- The Washington Times - Saturday, June 29, 2002

Noble: The firefighters across the West. It takes a certain sort of insanity, or desperation, to jump into a battle with a superheated monster shooting smoke and flames in all directions. But it's a battle that has to be won, if homes are to be saved and lifestyles are to be maintained. And whether the firefighters parachute, or hike, or even drive into the line of fire, they're all putting themselves at risk for the sake of their fellow citizens. President Bush made the same point earlier this week while visiting a group of firefighters in Arizona, calling them, "People that are just working their hearts out on behalf of their fellow citizens… . They're not quitting until this thing is whipped."
The firefighters have every reason to be whipped. Already this year, they've helped to contain over 250 large wildfires. Nor does their danger come exclusively from the fires they confront. Last week, four firefighters from Oregon were killed in transit to Colorado's Hayman fire when the van they were being driven in ran off the road.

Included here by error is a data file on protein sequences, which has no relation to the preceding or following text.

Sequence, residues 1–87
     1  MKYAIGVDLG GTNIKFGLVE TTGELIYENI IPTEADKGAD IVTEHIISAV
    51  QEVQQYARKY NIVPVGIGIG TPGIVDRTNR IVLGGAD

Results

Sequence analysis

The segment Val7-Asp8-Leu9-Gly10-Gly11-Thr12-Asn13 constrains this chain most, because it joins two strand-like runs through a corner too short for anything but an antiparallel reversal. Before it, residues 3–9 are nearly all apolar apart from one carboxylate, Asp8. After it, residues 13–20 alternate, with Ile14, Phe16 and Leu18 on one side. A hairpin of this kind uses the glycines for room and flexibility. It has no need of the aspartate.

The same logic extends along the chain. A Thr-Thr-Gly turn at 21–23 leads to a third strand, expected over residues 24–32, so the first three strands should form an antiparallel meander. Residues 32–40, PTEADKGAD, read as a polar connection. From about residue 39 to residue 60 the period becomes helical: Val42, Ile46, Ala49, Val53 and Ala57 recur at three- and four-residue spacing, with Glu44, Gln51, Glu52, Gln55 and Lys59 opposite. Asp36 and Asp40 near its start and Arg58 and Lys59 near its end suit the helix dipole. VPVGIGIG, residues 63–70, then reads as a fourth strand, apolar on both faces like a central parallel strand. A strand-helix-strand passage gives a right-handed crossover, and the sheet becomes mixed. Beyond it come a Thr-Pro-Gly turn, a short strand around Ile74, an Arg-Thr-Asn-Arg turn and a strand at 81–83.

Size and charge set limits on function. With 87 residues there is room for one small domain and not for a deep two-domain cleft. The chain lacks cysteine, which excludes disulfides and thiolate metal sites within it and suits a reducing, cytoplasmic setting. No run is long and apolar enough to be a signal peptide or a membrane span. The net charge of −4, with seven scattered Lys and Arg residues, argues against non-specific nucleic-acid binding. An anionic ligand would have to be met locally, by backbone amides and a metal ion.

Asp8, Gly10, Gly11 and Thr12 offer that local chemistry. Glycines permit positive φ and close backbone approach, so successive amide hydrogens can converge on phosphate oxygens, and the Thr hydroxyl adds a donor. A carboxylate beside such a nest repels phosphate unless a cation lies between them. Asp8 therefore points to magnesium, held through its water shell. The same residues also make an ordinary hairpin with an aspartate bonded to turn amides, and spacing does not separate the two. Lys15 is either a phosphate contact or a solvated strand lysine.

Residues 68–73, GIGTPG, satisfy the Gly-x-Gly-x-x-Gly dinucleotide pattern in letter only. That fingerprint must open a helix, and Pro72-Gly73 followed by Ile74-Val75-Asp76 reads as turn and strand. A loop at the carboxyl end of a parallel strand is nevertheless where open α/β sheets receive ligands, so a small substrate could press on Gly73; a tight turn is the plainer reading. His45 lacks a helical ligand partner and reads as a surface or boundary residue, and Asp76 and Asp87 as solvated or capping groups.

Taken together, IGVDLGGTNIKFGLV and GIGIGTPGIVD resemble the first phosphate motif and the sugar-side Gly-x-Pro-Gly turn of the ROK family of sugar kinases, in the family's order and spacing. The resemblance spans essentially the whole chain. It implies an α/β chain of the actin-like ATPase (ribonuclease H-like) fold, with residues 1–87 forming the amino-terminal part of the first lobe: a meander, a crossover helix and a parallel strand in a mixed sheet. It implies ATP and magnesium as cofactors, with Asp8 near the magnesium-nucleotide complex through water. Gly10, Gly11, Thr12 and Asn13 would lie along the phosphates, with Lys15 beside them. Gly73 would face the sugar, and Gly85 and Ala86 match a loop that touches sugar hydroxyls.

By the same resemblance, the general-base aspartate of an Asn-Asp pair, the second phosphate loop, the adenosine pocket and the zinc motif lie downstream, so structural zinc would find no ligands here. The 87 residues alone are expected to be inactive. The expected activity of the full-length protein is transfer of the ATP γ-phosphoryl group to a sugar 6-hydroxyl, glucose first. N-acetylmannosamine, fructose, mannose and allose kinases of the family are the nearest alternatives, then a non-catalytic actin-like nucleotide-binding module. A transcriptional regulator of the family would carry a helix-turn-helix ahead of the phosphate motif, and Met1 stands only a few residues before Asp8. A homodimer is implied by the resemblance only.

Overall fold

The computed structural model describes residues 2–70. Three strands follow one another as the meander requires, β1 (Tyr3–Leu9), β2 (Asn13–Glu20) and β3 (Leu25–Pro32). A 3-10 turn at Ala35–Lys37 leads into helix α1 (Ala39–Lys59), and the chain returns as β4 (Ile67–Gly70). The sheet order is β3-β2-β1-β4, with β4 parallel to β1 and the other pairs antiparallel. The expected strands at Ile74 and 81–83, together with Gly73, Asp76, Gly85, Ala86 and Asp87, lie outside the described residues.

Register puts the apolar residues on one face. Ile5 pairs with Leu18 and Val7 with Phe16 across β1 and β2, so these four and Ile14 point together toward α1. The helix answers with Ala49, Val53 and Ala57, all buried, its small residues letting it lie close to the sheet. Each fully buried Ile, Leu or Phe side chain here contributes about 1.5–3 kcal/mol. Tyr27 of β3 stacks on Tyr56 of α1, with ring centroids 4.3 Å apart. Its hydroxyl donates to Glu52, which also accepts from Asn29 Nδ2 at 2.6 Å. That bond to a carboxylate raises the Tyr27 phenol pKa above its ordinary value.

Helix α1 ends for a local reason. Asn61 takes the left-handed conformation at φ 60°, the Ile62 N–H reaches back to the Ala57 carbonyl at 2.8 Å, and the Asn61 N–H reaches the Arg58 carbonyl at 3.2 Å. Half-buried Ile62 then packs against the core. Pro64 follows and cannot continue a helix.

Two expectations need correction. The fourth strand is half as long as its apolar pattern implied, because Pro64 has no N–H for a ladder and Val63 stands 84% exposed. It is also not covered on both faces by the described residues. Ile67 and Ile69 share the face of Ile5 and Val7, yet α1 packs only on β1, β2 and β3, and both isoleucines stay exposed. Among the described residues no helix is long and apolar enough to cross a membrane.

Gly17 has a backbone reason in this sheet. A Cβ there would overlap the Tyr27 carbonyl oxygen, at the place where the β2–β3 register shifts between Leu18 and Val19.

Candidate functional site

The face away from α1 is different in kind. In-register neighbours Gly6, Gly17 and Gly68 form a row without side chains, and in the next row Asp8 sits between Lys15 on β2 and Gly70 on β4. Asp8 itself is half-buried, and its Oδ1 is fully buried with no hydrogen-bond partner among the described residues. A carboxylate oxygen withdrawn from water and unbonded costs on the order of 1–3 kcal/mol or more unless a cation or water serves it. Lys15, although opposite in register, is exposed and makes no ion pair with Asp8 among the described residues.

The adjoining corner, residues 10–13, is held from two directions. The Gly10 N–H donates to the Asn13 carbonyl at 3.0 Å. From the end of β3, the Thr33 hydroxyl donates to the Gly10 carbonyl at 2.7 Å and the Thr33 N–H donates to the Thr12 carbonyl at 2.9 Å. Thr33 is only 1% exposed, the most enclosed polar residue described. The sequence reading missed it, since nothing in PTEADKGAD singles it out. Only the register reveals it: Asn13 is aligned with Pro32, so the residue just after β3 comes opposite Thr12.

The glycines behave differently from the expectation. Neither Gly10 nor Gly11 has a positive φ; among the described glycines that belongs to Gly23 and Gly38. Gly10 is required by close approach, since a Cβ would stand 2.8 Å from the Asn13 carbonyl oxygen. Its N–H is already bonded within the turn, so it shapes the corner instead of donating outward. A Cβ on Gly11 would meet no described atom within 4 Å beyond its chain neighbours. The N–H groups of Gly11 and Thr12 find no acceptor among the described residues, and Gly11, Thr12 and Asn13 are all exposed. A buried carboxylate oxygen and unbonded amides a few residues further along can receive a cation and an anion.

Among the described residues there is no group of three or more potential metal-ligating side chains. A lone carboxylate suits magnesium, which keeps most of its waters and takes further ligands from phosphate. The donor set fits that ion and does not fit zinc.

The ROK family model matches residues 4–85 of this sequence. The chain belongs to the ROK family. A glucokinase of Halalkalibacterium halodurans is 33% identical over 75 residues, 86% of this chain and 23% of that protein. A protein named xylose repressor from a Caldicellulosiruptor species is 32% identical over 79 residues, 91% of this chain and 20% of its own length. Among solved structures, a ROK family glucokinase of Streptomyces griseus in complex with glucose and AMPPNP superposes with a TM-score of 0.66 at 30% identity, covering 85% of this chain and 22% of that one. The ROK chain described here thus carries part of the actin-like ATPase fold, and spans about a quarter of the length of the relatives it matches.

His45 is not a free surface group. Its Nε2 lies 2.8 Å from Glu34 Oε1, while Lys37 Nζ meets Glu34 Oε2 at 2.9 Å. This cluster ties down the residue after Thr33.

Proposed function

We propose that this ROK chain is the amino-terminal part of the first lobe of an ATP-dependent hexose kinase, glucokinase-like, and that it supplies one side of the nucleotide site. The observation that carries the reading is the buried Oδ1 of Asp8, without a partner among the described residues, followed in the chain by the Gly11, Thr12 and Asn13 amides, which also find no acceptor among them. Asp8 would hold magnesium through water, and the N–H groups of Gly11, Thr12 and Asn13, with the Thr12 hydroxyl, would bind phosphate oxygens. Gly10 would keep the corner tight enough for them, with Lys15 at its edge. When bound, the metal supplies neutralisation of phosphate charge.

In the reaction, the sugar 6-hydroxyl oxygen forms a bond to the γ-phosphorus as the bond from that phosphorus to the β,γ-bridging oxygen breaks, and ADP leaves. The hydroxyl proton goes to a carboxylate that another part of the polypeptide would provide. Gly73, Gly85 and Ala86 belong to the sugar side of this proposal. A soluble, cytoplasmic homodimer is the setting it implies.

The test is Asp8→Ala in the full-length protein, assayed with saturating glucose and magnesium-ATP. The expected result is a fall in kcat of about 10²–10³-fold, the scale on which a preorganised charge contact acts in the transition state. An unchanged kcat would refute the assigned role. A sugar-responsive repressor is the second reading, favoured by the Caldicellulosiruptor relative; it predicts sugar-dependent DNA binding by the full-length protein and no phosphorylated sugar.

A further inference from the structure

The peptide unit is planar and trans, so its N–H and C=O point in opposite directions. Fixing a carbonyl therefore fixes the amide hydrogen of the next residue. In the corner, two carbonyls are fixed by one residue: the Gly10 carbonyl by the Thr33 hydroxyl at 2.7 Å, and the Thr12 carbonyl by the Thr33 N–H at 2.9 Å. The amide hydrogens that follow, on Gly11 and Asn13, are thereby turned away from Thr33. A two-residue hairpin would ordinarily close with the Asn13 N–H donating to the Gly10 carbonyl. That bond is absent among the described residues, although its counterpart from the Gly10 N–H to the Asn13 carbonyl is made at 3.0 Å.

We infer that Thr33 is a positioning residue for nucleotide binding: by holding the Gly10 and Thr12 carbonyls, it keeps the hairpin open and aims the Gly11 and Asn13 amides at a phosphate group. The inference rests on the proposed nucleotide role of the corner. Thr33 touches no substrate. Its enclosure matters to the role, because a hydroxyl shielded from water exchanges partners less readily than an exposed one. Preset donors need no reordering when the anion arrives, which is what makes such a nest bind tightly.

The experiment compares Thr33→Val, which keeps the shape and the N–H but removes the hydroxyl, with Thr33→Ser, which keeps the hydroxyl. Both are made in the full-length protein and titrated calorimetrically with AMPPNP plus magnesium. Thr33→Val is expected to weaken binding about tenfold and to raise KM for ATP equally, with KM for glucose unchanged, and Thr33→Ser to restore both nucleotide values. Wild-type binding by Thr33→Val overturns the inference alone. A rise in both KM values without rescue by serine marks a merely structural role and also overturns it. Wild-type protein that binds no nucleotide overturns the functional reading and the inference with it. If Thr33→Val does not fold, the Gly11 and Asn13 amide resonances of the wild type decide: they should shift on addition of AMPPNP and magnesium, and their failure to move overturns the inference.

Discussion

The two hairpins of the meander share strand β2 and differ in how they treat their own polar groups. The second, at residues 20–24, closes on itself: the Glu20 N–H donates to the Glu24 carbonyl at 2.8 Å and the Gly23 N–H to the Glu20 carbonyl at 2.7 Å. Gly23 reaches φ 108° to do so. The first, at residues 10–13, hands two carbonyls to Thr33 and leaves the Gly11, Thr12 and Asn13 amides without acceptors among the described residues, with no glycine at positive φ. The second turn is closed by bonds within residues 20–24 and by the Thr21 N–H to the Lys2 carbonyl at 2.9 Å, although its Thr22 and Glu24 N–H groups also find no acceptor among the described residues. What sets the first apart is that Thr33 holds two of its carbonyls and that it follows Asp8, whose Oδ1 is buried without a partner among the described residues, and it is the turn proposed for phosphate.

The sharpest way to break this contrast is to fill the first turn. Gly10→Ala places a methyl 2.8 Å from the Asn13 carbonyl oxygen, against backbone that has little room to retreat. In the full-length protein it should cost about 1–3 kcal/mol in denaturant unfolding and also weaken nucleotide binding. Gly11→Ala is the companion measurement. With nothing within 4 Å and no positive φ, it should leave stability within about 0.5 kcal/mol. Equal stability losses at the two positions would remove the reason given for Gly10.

That hasn't deterred the rest of their fellow firefighters, though. And for every infernal arsonist whose eyes are kindled by the thought of lighting the skies with notoriety (see below), there are 100 courageous Americans ready to leap through smoky skies into battle with the inferno.
Firestarter Terry Barton.
Not since Drew Barrymore began lighting up her neighborhood in Stephen King's "Firestarter" has a femme fatale ignited this much dismay, and for good reason.
The Hayman fire that Ms. Barton claims she didn't set blossomed into the biggest blaze in Colorado's history. It burned through 135,000 acres, torched more than 618 structures and smoked nearly 9,000 people from their homes. So fierce was the burning that at times the entire state was afire.
Ms. Barton claims her heated attempt to destroy a letter from her estranged husband John simply got out of control. However, given that she is an 18-year veteran of the Forest Service and that the letter was only two pages long, either she forgot everything she learned about fire safety or the paper was the size of some of Colorado's more scenic mountains.
Her actions were at best irresponsible and at worst felonious. Either way, Ms. Barton is entitled to her day in court preferably one that has been fireproofed beforehand. In the interim, she is staying at a halfway house, where her minders are keeping their extinguishers handy.

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